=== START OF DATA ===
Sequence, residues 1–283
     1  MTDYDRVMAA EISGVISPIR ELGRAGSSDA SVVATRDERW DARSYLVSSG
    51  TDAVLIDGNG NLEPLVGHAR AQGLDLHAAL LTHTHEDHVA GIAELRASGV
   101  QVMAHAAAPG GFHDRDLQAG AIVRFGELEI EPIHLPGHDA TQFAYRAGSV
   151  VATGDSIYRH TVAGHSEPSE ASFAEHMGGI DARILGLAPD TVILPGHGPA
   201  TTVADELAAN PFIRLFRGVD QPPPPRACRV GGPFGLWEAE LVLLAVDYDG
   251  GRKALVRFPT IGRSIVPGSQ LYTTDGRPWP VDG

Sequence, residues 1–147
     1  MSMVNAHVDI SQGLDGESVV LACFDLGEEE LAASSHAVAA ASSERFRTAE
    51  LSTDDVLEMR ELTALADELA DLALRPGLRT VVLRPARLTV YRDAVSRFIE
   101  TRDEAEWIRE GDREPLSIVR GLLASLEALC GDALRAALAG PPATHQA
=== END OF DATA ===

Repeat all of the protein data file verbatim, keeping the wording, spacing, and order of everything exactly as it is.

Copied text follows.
Sequence, residues 1–283
     1  MTDYDRVMAA EISGVISPIR ELGRAGSSDA SVVATRDERW DARSYLVSSG
    51  TDAVLIDGNG NLEPLVGHAR AQGLDLHAAL LTHTHEDHVA GIAELRASGV
   101  QVMAHAAAPG GFHDRDLQAG AIVRFGELEI EPIHLPGHDA TQFAYRAGSV
   151  VATGDSIYRH TVAGHSEPSE ASFAEHMGGI DARILGLAPD TVILPGHGPA
   201  TTVADELAAN PFIRLFRGVD QPPPPRACRV GGPFGLWEAE LVLLAVDYDG
   251  GRKALVRFPT IGRSIVPGSQ LYTTDGRPWP VDG

Sequence, residues 1–147
     1  MSMVNAHVDI SQGLDGESVV LACFDLGEEE LAASSHAVAA ASSERFRTAE
    51  LSTDDVLEMR ELTALADELA DLALRPGLRT VVLRPARLTV YRDAVSRFIE
   101  TRDEAEWIRE GDREPLSIVR GLLASLEALC GDALRAALAG PPATHQA